Those who were at PAC10 last year may have heard an excellent presentation by Bill Zellmer from the United States who pointed out that to meet the needs of the public and ensure our survival as a health profession, pharmacy practices must shift their primary mission from supplying medicines to helping people make the best use of medicines – that is, also provide professional services in addition to dispensing.

He emphasised that such an outcome requires a change in the pharmacist’s self-concept, which in turn entails the development of a ‘strong moral compass and a deep commitment to professionalism’.A very interesting observation to arise from the presentation was that many pharmacists lead ‘divided lives’ in that they know what they need to do to help patients make the best use of medicines but they often do not act on this knowledge, partly because they feel existing practices within their pharmacy hinder them in doing so or because they are content in carrying on the way they do business, because that is the way it
has always been done.

This results in either services not being offered or simply being added on to existing operations in the pharmacy without any real consideration being given to their most effective introduction or how their introduction will affect existing operations.

It is important, therefore, that pharmacies prepare and adapt for the introduction of new services. Clinical interventions and MedsChecks are cases in point where, to gain maximum benefit for the patient and the pharmacy practice, the model of business will need to change.


Interestingly, it appears from anecdotal evidence that most pharmacists recognise the need for change, but not how to implement it.

To successfully implement the changes required to transition pharmacy from a primarily dispensing role to one in which professional services are an increasing focus requires the full involvement of pharmacists and their staff, policy makers, educators and other health stakeholders.

Policy makers in Australia have already signalled their acceptance of the need for change by including additional professional services into the Fifth Community Pharmacy Agreement.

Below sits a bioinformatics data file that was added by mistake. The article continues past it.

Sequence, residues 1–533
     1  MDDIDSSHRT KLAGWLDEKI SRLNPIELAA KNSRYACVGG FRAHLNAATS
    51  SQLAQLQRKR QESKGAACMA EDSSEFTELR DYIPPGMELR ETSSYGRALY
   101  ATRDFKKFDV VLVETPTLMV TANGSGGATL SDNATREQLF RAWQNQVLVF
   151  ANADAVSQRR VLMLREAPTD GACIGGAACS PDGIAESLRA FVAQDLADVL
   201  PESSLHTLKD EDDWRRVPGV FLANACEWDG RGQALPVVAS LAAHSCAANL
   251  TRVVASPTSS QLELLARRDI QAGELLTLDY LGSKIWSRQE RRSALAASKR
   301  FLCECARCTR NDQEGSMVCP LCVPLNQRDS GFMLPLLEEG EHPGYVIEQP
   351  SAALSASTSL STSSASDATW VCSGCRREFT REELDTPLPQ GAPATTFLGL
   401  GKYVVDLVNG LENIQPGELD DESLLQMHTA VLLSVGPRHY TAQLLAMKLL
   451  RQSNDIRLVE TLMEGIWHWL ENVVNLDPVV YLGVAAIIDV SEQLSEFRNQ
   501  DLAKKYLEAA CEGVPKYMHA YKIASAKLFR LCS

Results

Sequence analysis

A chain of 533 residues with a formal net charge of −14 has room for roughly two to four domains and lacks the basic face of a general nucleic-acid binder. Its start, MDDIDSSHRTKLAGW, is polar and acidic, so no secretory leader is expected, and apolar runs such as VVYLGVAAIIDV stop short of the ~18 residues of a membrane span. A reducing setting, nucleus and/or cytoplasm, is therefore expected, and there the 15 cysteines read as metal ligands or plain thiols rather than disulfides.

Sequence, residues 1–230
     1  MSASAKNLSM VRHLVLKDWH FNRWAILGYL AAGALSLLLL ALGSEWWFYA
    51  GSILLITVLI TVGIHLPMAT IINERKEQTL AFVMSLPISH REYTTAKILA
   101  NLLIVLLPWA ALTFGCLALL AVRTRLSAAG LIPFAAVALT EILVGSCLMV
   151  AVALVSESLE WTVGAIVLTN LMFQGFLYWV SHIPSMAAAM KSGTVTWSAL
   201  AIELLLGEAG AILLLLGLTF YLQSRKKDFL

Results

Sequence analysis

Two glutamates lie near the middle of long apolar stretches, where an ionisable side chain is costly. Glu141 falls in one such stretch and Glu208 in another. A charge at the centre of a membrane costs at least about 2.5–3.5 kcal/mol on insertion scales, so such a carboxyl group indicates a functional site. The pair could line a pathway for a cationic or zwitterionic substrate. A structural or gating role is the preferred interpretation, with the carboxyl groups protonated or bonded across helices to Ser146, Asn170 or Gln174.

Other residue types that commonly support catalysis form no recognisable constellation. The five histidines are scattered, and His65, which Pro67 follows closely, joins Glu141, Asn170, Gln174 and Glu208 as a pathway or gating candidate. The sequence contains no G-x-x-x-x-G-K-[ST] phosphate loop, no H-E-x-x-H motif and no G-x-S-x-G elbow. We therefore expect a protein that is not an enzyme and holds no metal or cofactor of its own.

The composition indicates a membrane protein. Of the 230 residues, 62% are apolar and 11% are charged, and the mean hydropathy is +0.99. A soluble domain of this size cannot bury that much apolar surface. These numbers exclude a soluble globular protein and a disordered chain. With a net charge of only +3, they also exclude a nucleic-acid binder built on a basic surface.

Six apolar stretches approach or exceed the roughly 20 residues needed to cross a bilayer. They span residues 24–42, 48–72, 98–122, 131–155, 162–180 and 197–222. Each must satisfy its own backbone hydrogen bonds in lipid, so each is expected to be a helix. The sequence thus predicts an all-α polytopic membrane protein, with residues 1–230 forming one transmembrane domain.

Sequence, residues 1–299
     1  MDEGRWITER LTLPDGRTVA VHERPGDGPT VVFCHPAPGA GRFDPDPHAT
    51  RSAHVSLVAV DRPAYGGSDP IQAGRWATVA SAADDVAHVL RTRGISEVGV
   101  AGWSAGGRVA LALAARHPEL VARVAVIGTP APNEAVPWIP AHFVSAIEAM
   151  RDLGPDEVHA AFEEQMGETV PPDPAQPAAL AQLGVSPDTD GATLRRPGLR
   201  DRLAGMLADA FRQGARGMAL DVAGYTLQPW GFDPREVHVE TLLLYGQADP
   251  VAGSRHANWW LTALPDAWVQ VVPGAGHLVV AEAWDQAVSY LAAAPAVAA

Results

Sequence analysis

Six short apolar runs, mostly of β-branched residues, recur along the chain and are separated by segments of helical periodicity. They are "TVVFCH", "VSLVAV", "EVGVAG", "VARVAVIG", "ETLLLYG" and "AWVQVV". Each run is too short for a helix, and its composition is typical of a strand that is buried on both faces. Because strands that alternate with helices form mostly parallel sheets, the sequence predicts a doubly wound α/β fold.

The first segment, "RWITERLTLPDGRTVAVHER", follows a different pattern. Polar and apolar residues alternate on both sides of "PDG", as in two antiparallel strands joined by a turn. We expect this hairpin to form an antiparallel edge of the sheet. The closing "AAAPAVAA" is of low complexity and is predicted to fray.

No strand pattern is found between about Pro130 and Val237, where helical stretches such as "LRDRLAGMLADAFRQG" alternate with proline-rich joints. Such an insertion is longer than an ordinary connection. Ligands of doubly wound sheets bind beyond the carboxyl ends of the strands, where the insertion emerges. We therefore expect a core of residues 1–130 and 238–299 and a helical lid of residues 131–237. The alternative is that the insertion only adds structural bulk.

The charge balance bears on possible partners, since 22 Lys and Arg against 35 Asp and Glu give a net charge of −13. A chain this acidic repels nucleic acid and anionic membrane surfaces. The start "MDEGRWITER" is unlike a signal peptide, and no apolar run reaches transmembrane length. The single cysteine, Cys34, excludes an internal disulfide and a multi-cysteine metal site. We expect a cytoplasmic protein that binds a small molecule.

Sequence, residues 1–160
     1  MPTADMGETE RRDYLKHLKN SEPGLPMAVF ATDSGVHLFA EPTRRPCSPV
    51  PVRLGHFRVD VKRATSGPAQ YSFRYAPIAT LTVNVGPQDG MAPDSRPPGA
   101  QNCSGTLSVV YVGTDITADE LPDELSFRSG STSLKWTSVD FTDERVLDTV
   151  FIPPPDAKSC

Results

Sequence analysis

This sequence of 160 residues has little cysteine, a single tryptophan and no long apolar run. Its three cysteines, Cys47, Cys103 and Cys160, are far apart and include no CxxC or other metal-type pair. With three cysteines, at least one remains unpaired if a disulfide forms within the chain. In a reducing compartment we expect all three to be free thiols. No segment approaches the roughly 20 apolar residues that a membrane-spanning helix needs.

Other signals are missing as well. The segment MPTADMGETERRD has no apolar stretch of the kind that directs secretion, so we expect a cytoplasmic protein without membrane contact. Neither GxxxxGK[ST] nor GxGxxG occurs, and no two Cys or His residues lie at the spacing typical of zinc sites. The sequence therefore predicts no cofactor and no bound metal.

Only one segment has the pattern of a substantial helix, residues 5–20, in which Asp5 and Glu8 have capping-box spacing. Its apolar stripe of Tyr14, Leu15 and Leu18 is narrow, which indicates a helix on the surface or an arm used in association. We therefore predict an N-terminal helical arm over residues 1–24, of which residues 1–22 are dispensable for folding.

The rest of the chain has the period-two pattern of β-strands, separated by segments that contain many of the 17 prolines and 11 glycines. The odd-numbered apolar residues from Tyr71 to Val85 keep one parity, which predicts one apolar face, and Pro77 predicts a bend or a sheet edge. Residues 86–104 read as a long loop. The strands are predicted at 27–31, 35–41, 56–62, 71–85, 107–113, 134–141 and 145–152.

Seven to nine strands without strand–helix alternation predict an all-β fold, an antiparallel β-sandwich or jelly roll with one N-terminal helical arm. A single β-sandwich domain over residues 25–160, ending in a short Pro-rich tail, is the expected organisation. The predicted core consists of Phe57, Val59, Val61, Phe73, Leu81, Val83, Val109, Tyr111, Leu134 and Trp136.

For Full Content,please refer to :Australian Pharmacist September 2011 Vol 30 No 9

Pharmacsits In Health-Care – Opportunities To Diversity

The role of pharmacists in health care is facing increasing scrutiny as part of large-scale reforms currently occurring across the Australian health system. However, with these reforms come great opportunities to diversify, but we need to know how to make the most of them.

To give pharmacists an insight into the various reforms and the opportunities they present for pharmacy to assert its role in many aspects of health service delivery, PAC11 will present a special session on Pharmacists in health care – opportunities to diversify which will details opportunities in areas such as preventive health, primary health care and throughout the hospital sector.

Presented by Alison Roberts, the session will include examples of changes that have occurred in other countries around the world,
“Many of these changes have included an increasing involvement of pharmacy in aspects of health care that have largely been in the domains of other health professions,” Dr Roberts said.

“If pharmacy in Australia is to be successful in exploiting the opportunities on offer, the profession needs to adapt to and accept change, refine existing roles, and diversify, by taking on new roles.”